The larger projects are no more
difficult than the smaller projects; there
is just more material to measure.
We can’t understand why and how
other large-scale projects spiral out
of cost control. This is why, on our
projects, we like to get in early and
understand the goals..
We recently worked on a project in
Edinburgh with Lazaro Rosa-Violan,
who runs a Barcelona design practice.
Lazaro is one of the top ten designers in
the world and works all over theglobe.
Lazaro’s office in Barcelona is a
wonder; the practice has grown
organically in an old, large apartment
as the projects have come in.
Lazaro’s practice can decide which
projects they want to work on
now and they can charge fees that
represent their position in the industry.
This has always been what I feel _BCC
can do – we would like to work more
globally on the best design projects.
We love what
we do and the
projects we
work on
»NOTABLE PROJECTS
We have been working with SWG3
for seven years. SWG3 was an arts
centre in a run-down old building in
Finnieston. The building had a leaking
roof, windows sealed with polythene,
no heating, a scrap yard on the ground
floor full of old bikes and a venue on
the first floor for bands, which had no
toilets. The artist studios had plywood
up to about two metres separating the
areas as pods. I met with SWG3 one
cold morning in 2013 on the top floor
of the old warehouse, the meeting taking place around a paraffin heater as they described their goals for the
building. The owner’s enthusiasm was addictive and his passion for what he was doing was unequivocal. He told
me that they had £20,000 in investment, so we agreed upon a plan and got to work.
Both of us wanted the project to happen so much that we just made it happen. The owner’s enthusiasm helped
achieve more funding and we arranged the works in phases, to allow increased revenue to fund the next stages
and this has gone on for about seven years. The venue is now one of the best for music and arts in the UK. It’s
one of my proudest achievements.

www.bccqs.co.uk

The Parliamentary Review Publication, in which this article originally appeared, contained the following foreword from Rt Hon Michael Gove.

Rt Hon Michael Gove's Foreword For The Parliamentary Review

By Rt Hon Michael Gove

This year's Parliamentary Review comes at a momentous time for parliament, as we collectively determine the destiny of the United Kingdom.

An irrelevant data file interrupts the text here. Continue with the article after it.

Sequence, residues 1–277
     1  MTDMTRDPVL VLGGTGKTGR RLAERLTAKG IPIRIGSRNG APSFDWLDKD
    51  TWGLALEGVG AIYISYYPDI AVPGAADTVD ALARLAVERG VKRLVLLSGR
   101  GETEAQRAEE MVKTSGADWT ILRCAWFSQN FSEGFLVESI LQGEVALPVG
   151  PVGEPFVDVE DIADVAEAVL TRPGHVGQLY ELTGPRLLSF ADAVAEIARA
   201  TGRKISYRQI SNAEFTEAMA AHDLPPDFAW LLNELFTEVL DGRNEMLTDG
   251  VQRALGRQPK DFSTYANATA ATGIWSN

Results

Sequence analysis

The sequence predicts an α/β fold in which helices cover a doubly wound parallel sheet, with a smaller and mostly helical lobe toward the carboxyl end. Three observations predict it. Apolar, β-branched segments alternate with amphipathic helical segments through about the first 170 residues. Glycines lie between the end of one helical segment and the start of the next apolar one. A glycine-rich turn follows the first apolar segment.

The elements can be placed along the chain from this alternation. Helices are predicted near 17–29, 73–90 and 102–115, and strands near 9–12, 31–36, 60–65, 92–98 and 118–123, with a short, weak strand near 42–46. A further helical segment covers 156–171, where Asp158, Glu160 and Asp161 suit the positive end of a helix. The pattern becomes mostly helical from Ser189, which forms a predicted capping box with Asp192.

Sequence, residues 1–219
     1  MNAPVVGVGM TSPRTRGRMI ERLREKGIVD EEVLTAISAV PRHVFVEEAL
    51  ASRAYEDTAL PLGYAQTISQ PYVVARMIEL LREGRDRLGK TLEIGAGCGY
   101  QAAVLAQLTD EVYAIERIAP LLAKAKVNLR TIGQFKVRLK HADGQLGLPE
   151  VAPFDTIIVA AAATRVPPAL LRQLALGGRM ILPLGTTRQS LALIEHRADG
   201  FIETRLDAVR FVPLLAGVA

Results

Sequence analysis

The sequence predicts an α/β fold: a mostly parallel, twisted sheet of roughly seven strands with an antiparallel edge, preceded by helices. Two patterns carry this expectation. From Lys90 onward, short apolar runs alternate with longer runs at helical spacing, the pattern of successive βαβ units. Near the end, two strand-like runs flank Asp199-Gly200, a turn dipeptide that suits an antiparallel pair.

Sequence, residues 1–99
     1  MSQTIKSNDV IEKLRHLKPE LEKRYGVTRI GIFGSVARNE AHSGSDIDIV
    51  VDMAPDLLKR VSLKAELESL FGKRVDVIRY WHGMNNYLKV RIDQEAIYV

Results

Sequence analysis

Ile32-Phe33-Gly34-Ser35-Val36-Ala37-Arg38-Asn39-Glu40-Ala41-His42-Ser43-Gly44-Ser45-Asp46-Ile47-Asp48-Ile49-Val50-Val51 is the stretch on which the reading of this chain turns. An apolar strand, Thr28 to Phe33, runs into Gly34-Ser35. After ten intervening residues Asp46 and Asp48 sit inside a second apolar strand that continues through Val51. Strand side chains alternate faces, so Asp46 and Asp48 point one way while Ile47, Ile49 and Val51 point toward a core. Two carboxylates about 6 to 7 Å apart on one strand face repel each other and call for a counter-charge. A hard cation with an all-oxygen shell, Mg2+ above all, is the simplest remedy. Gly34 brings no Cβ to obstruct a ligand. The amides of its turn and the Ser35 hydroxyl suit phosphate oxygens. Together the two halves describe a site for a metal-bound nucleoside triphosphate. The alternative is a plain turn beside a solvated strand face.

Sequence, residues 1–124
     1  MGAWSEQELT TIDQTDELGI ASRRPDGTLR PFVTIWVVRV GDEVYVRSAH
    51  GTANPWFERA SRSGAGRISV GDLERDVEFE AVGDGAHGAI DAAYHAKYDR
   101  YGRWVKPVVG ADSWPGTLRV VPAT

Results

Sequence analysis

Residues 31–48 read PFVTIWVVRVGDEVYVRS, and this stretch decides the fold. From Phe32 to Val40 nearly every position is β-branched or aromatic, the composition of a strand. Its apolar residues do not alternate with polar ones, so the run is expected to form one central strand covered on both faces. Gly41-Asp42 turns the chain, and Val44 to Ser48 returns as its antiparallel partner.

On October 31, the UK will leave the European Union. The successful implementation of this process is this government's number-one priority.

Three years after a historic referendum vote, we will deliver on the decisive mandate from the British people. Trust in our democracy depends on it. Until that final hour, we will work determinedly and diligently to negotiate a deal, one that abolishes the backstop and upholds the warm and close relationship we share with our friends, allies and neighbours in the EU. But in the event that the EU refuses to meet us at the table, we must be prepared to leave without a deal.

As the Chancellor of the Duchy of Lancaster, it is my job to lead on this government's approach, should that scenario happen. Preparing for Brexit is my department's driving mission. But while I am leading this turbocharged effort, the whole of government is committed to this endeavour.

Ministers across Whitehall are working together to ensure that every possibility is considered, every plan is scrutinised and every provision is made. A daily drumbeat of meetings means that we are holding departments accountable, so that preparations are completed on time.

The chancellor has confirmed that all necessary funding will be made available. And we have mobilised thecivil service, assigning 15,000 of our most talented civil servants to manage our exit from the EU.

We will make sure that on November 1, there is as little disruption to national life as possible. Our trade relationships will continue to thrive, thanks to agreements with countries around the world worth £70 billion. Our country will remain secure, thanks to nearly 1,000 new officers posted at our borders. And the 3.2 million EU nationals now living and working among us can remain confident, with absolute certainty, of their right to remain in the UK.

Above all, our goal is to be transparent. Soon, we will launch a public information campaign so that citizens, communities and businesses are ready and reassured about what will happen in the event of “no deal”.

In my first few weeks in this role, I have travelled to ports and tarmacs, borders and bridges, all across the UK –from the seaside of Dover to the rolling green hills of County Armagh. I have heard from business owners and border officials, farmers and hauliers. They are ready to put an end to uncertainty. And they are ready to embrace the opportunities ahead.

Our departure from the EU will be a once in a lifetime chance to chart a new course for the United Kingdom. Preparing for that new course will be a herculean effort. But this country has made astounding efforts before. We can do it again.
Rt Hon Michael Gove
Chancellor of the Duchy of Lancaster